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Homilies Lent

Friday of the Fourth Week of Lent

Today’s readings

This homily was for the school children. I recorded a Liturgy of the Word for them to see during the time when they’d usually have a school Mass, but can’t now because of COVID-19.

When I was a young person – many years ago now! – in my town, it mattered where you lived.  If you were on one side of the tracks, it meant you had money and people thought that was impressive.  If you lived on the side of the tracks that I lived on, though, you weren’t rich and so people sometimes looked down on you.  Thankfully, years ago, they tore up the tracks, but I think that kind of thinking still happens: not just in my home town, but all over.

We kind of see it in today’s Gospel reading.  The people of Jerusalem see Jesus walking about openly, and they look down on him.  “But we know where he is from.”  Kind of like, we know what side of the tracks he lives on, so why should we think he is the promised Messiah?  Jesus sets them right: he is “from” God the Father, who sent him into the world.  That’s his true home, and because that’s his true home, he can offer the Father’s forgiveness, the Father’s mercy, the Father’s love.

The people’s attempt to write Jesus off because they knew where he was from was their attempt to deal with the change of life he called people to.  Yes, he offered the Father’s love and mercy, but he also called them to change their lives, to live the right way, so they could live forever in the kingdom.  That’s real love and mercy there: calling people back to the way that leads to heaven.  But people don’t like to change, so they scoff at where he’s from.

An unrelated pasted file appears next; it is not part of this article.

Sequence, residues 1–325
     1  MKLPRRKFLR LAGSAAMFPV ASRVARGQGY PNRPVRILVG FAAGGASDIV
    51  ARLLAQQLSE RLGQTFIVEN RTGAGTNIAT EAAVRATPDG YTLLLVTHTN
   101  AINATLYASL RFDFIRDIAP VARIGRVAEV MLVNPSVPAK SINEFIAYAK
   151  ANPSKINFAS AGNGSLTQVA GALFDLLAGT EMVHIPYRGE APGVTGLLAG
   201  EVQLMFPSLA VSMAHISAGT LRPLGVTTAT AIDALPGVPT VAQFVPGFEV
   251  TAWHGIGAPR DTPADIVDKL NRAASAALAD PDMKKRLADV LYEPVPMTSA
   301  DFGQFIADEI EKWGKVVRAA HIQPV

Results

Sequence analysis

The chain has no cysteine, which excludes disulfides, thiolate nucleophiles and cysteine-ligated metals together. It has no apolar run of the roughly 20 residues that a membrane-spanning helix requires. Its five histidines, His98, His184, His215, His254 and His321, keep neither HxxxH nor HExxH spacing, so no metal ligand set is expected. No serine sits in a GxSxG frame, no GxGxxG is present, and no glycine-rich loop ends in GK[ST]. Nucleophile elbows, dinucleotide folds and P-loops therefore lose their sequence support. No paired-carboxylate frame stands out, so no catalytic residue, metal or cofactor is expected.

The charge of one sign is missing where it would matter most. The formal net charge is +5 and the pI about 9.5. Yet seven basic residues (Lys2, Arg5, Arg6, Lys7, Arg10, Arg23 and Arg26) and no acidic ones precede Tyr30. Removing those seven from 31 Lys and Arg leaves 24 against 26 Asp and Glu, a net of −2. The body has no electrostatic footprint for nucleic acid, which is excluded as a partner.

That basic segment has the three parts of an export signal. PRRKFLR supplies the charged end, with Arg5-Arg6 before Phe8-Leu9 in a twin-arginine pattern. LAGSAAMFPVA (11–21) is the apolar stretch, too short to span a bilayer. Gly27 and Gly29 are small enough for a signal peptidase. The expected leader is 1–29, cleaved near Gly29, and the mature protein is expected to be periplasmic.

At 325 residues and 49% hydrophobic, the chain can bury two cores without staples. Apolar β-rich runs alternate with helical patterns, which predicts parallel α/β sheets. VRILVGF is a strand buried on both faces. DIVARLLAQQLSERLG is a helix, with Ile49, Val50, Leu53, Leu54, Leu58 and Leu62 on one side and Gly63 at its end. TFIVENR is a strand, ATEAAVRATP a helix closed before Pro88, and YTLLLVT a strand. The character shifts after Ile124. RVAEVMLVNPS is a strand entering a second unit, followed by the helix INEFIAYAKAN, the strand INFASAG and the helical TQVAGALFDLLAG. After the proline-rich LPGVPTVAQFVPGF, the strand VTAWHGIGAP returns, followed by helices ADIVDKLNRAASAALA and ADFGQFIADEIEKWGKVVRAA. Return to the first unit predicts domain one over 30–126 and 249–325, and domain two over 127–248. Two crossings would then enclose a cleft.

In our first reading today, a group of wicked people do the same kind of thing.  They say, “Let us beset the just one, because he is obnoxious to us, he sets himself against our doings, Reproaches us for transgressions of the law and charges us with violations of our training.”  They don’t like that the “just one” professes to be a child of God.  But he is. In fact, even though this is the Old Testament and the book of Wisdom didn’t specifically speak of Jesus, it is, in fact, talking about Jesus.  Jesus is the just one, the Son of God, who calls us to turn around from what we are doing and turn toward the way that leads to heaven, that leads to life.

So that’s what our readings are calling us to do today.  It’s a great message for Lent, because Lent is about repentance, about “turning around” and walking in the way that leads to eternal life.  We all want to go to heaven one day.  Lent, and today’s readings, show us the way to get there: we just have to follow Jesus, even if what he asks us to do isn’t easy.

Now, I want to say a word or two about what’s going on these days.  I know it’s hard for you to understand why you can’t come to school, why you can’t be with your friends.  I know that because it’s hard for me to understand too.  I miss you all and your families so much.  But what we are doing right now is what is best for everyone.  We want everyone to be safe and healthy, and this is the best way to do that, for right now.  I look forward to the day when you’re back here and we can celebrate together.  Until that day, I want you to know that I am praying for you, and that I love you.

And please don’t ever forget that God loves you, always and forever.  Nothing can change that.  I’ve been encouraging everyone to do three things so that we can be together soon: stay well, stay safe, and stay home.